Sailing is a well organized and recognized sport. There is a broad variety of kinds of races and sailboats used for racing. Much racing is done around buoys or similar marks in protected waters, while some longer offshore races cross open water. All kinds of boats are used for racing, including small dinghies, catamarans, boats designed primarily for cruising, and purpose-built raceboats. The Racing Rules of Sailing govern the conduct of yacht racing, windsurfing, kitesurfing, model boat racing, dinghy racing and virtually any other form of racing around a course with more than one vessel while powered by the wind.
Over a period of more than 112 years, in a sport that uses complex technical equipment, it goes without saying that classes will be discontinued for use at the Olympics. Reasons for discontinuation of a class did vary from economical, logistical and technological to emotional and even political. Some of the discontinued classes remain very strong International - or National classes. Others filled a niche in a specific area like sailing schools or local club racing. Some faded away.
The “Former Olympic Sailing Classes”, together with their crews form an important and significant part of the history of sailing in general and Olympic Sailing in particular. These tables give an overview of the classes and when they were used for Olympic sailing.
The Laser Radial is generally sailed and raced by lighter weight sailors and is usually the choice of women Laser sailors. Men typically sail the Laser Standard which has a larger sail. The only difference between the Laser Standard and Laser Radial is the size of the sail and the length of the lower section of the mast. Everything else is the same and very tightly specified and controlled by the International Class Association to ensure competitive racing in identical boats. Lasers are single person dinghies. Most larger regattas for the Laser class will generally have separate races for the Laser Standard, Laser Radial and Laser 4.7.
The Laser Radial uses the same top section of the mast as the Laser Standard but uses a smaller bottom mast section. The sail itself is 62 square feet (5.8 m2), about 19% smaller than the full Laser Standard rig. Although the one design Laser rig and hull was introduced in 1971, the Radial sail and mast was created in the 1980s. In 1988 the Laser Women's World Championship began using the Laser Radial. They are a good training aid to start learning to sail a Laser but the Laser Radial is a good racing boat in its own right and some sailors (generally women) progress to become professional Radial sailors. The desired weight for sailing a Radial is 135-140 lbs.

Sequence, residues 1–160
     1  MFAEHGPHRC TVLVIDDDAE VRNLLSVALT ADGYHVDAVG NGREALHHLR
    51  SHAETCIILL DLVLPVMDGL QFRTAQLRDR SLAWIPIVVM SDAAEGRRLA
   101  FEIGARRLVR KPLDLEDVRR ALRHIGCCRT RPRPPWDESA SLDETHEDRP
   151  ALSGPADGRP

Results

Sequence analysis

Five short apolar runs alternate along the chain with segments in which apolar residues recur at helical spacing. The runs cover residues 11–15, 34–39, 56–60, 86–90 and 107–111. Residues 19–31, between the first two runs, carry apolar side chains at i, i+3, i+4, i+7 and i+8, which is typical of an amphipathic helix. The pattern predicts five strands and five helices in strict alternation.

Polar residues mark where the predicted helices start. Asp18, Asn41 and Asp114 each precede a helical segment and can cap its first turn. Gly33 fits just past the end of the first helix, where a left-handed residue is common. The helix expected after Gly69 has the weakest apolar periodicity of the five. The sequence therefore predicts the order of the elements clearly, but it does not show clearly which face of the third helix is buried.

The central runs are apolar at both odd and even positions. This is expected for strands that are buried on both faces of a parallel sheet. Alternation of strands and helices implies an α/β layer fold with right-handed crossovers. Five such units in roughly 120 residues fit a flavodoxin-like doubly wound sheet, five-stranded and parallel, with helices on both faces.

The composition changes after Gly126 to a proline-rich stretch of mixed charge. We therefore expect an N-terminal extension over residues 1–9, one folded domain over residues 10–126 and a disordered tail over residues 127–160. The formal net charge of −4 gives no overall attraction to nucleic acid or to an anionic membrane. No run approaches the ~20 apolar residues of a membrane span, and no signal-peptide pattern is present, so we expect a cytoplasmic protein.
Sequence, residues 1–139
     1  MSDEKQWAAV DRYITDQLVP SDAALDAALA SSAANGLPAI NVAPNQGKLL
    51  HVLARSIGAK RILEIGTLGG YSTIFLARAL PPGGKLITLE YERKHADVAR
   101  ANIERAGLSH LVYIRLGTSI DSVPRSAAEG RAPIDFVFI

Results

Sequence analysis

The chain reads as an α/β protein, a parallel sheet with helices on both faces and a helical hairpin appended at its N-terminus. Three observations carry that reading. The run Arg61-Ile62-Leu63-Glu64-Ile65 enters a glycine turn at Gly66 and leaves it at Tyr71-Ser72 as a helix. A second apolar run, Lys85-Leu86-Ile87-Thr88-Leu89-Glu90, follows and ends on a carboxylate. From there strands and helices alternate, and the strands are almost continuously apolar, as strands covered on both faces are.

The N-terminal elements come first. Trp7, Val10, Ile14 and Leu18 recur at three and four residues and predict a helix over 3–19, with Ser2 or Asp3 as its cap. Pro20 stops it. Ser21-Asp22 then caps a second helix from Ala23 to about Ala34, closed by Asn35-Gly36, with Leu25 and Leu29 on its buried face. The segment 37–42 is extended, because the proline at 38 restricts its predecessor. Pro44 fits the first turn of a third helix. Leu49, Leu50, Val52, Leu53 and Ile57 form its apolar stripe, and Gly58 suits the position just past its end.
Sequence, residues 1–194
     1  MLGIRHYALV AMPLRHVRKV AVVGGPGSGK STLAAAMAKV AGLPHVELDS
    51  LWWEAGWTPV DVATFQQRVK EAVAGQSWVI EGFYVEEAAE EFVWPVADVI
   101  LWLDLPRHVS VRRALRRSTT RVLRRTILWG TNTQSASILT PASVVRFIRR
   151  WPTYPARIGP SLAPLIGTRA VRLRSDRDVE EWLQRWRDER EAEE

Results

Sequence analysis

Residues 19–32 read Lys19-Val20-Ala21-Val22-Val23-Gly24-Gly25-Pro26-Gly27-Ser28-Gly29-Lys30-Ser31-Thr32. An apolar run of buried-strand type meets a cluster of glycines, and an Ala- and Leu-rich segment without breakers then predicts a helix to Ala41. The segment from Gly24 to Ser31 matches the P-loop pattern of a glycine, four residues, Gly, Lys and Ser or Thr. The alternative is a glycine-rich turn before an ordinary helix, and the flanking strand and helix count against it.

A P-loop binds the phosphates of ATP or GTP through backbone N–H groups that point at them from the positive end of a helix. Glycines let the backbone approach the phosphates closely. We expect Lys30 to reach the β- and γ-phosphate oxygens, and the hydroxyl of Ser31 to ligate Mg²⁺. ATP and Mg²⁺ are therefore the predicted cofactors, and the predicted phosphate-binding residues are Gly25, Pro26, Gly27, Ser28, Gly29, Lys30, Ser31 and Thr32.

Baird joined Team New Zealand as a coach for the 1995 America's Cup, guiding the syndicate to New Zealand's first ever Cup win. In the same year, he won the World Match Racing Championships, and was named the US's Yachtsman of the Year. The following year, he failed to qualify for the 1996 Olympic Games in the Soling class, missing out again in 2000. In 1999, he skippered Young America in the Louis Vuitton series to determine the challenger for the following year's America's Cup, but the syndicate's challenge faltered when one of its two yachts nearly sank in a race against a Japanese team.1 He joined another American syndicate for the challenger series for the 2003 America's Cup, but was again unsuccessful. Baird has also ventured into open water racing, having competed in round the world races in 1997–98 (for Innovation Kvaerner) and 2001–02 (for Djuice Dragons).2
Throughout history sailing has been instrumental in the development of civilization, affording mankind greater mobility than travel over land, whether for trade, transport or warfare, and the capacity for fishing. The earliest representation of a ship under sail appears on a painted disc found in Kuwait dating to the late 5th millennium BC. Advances in sailing technology from the Middle Ages onward enabled Arab, Chinese, Indian and European explorers to make longer voyages into regions with extreme weather and climatic conditions. There were improvements in sails, masts and rigging; navigation equipment improved. From the 15th century onwards, European ships went further north, stayed longer on the Grand Banks and in the Gulf of St. Lawrence, and eventually began to explore the Pacific Northwest and the Western Arctic.